“Be right down, Mom.”
He took a last look at the completed radio, and left to wash his hands for supper.
“Don’t play with your food, Amy”
Five year old Amy gave Danny her best scowl. “You’re not the boss of me, Danny.”
Doris Langford placed her hand over Amy’s small one. “When your Daddy left, he made Danny the man of the house, so yes, you do have to mind your big brother. Remember when Pug Wilson was going to throw mud at you?” Amy nodded. “Who was it that made him stop?”
“Amy grinned. “That old Pug Wilson is so a-scared of Danny. Boy did he ever run away.”
“I won’t boss you around Amy. I’m just going to do what I think Dad would do, and I know he would not want you to play with your food.” Danny patted her small head.
“Is Danny also the boss of me?” Eleven year old Melissa was sporting her usual good-humored and devilish smile. She was the delight of the whole family, and they all adored her. Her girlfriends all had a crush on the happily oblivious Danny, and she was very proud of her big brother.
“Danny is the man of the house, and I am counting on you, Mel, to help him when you can. Being the man of the house is an awesome load. Here, pass the potatoes.” His mother smiled at Danny. “How is the radio project coming along, son?”
“I’m done. I’ll try it out after supper.”
The two girls spoke at the same time. “Can I listen too? Can I? Can I?”
“I haven’t even heard it myself yet, for Heaven’s sake. You can listen tomorrow.”
He instantly regretted his attitude. His father would have smiled and said, “Sure you can!” Maybe he wasn’t so grown up after all.
“Well, on second thought, let me get a station in and then you both can listen. OK?”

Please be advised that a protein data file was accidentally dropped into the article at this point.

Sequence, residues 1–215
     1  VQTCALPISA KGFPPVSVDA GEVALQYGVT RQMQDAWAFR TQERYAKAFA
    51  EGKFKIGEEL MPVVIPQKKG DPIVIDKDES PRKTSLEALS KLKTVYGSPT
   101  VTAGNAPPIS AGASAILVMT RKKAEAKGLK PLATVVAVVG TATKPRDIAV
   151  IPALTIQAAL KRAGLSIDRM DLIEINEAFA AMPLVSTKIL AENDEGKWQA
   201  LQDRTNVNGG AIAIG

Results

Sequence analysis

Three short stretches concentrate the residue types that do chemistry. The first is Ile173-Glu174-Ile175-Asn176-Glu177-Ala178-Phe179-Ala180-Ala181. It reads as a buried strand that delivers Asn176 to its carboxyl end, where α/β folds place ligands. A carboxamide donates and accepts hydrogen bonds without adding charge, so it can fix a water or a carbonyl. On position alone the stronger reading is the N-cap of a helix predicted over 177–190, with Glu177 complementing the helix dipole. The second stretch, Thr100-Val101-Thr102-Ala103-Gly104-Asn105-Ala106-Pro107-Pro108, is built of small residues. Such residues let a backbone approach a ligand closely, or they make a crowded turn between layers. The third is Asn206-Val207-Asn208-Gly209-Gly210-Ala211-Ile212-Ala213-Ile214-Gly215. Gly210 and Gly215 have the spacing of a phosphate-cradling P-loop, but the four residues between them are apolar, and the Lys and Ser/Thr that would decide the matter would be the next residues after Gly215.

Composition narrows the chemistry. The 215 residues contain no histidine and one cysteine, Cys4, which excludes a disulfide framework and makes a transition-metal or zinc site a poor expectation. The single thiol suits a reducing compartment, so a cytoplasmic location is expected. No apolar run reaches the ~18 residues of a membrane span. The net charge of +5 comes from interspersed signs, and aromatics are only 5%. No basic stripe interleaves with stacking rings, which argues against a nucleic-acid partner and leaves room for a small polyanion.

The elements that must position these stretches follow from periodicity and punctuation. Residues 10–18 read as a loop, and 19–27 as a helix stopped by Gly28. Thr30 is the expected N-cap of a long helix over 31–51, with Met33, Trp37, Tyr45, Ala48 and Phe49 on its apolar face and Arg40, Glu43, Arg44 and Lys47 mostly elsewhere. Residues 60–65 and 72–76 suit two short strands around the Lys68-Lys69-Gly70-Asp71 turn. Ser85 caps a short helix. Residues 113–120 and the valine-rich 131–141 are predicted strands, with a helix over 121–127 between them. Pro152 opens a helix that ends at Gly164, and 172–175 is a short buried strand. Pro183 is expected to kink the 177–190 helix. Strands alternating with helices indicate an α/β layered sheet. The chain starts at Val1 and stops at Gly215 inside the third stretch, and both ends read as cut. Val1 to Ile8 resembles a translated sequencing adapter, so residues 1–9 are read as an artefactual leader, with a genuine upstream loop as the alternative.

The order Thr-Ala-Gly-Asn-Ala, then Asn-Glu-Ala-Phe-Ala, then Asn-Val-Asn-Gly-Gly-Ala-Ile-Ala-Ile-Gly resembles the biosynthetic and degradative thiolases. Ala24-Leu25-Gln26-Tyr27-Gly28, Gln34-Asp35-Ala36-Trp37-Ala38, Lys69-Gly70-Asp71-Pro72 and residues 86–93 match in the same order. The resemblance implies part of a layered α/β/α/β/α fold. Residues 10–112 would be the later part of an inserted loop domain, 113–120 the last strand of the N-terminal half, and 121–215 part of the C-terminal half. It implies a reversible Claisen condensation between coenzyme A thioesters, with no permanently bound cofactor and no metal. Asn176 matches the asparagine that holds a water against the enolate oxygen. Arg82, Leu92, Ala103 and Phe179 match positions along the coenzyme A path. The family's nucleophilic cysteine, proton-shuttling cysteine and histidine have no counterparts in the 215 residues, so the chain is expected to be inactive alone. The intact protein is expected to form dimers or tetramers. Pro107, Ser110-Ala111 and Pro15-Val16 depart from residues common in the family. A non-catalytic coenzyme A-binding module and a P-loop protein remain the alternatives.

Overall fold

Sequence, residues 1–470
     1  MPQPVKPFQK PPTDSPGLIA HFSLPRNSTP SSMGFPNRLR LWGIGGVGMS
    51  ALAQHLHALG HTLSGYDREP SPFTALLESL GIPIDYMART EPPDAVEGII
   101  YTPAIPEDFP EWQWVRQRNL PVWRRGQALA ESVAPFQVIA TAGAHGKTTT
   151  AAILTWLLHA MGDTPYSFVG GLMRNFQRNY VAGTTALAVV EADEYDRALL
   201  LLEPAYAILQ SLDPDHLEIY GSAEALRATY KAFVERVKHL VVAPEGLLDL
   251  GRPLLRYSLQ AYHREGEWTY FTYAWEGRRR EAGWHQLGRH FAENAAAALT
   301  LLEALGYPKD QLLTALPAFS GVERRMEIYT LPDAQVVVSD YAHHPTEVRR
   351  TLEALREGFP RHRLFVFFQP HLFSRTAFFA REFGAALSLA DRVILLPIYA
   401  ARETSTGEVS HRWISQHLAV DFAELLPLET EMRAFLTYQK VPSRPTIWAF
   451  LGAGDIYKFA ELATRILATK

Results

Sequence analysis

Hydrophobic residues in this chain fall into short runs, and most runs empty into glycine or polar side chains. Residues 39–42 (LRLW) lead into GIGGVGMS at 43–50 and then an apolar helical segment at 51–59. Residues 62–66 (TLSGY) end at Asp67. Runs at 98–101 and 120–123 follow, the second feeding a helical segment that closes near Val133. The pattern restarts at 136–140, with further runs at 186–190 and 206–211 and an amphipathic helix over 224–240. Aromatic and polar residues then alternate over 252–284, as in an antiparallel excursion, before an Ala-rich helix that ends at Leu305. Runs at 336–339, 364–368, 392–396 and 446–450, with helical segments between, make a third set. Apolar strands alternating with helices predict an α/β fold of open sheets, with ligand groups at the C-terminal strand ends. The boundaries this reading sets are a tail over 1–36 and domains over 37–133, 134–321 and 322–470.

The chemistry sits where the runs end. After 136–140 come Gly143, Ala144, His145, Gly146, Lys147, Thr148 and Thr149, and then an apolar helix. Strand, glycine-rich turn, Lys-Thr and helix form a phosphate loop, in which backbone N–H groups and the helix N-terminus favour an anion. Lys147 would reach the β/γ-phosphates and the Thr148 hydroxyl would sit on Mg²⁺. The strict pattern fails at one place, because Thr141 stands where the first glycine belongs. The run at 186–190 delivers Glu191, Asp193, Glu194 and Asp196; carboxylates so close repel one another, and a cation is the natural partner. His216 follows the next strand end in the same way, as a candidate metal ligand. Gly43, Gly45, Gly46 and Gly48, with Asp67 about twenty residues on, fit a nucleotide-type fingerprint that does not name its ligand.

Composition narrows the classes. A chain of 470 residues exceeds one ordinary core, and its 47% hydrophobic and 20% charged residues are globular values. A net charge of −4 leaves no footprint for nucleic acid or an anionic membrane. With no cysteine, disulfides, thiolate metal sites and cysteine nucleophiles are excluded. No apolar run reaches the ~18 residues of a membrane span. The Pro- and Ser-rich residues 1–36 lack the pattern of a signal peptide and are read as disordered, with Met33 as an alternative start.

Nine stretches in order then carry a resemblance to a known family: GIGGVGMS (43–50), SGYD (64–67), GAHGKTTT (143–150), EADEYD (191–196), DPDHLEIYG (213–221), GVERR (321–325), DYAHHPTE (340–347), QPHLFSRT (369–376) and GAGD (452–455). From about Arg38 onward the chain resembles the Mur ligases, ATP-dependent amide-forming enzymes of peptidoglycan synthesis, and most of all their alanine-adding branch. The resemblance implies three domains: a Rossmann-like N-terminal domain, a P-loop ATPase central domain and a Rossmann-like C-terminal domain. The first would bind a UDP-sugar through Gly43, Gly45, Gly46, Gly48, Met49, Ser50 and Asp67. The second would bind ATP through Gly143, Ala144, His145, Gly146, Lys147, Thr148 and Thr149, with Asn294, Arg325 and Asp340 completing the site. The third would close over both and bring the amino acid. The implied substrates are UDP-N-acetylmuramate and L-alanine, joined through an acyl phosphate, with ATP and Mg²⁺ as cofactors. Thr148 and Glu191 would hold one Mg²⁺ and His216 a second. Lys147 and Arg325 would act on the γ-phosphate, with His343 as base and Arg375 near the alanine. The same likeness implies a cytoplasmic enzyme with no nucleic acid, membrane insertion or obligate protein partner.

Danny saw his mom smiling at him in approval, and he was strangely embarrassed.
With the girls waiting breathlessly, Danny attached the antenna and ground wires, and finally, the headphones. He gently swiveled the bent safety pin until the point was over one of the thousands of facets on the galena crystal. Then he lowered it and was delighted to instantly hear WMT Radio, Cedar Rapids, loud and clear, He tried other facets, but the first seemed loudest, so he left it there. He listened to it for a moment longer and then stood, removing the headphones and waving Amy into the seat. He gently placed the headphone band over her curls. Her mouth dropped open, and she turned to look at him, a big grin plastered on her face.
Melissa waited patiently for her turn, and then she too wore a big grin. Danny showed her how to use the safety pin ‘cat whisker’ on the crystal and the slide on the coil to tune in a station. Unfortunately, one of the drawbacks to a crystal radio was its inability to tune out other stations very well, so a listener had to just ignore them.
After the girls left and before bed, Danny logged all the stations he could get and it wasn’t many. He heard WMT, Cedar rapids, WHO, Des Moines, and faintly, WLS, Chicago.
Danny was a sound sleeper, but something woke him about three in the morning and for a few minutes, he stared at the warm yellow glow on his ceiling, confused. Then he got out of bed, looking for the source. He didn't look long. It was a tiny facet on the crystal, off to one side and glowing a bright yellow. He sat in the chair and stared at it for several minutes. Then he put the headphones on and heard a faint, station somewhere.
Danny flipped the light switch on, but the glow instantly disappeared, so he turned it off, and it reappeared. He sat down again, and finally, he gingerly moved the point of his cat whisker to the glowing facet. What happened next stayed with him for the rest of his life.
“Jimmy! Break right...hard…bandit on your twelve o’clock…I’m at your six on top and coming down hard….got him...got him! Damn...I'm hit!”
It was his father’s voice, and then there were loud bangs, followed by silence. Then his father’s voice came back once again, but it was strangely clear and without static, like he was standing by Danny’s shoulder.
“Well Danny, looks like you’ll be taking my place for a while longer. I’m hit and on fire. I’ll need to jump. Take care of mom and the girls, son, and I’ll get back to you when I can.”
The yellow glow on the crystal's facet flickered and went out.
- To be continued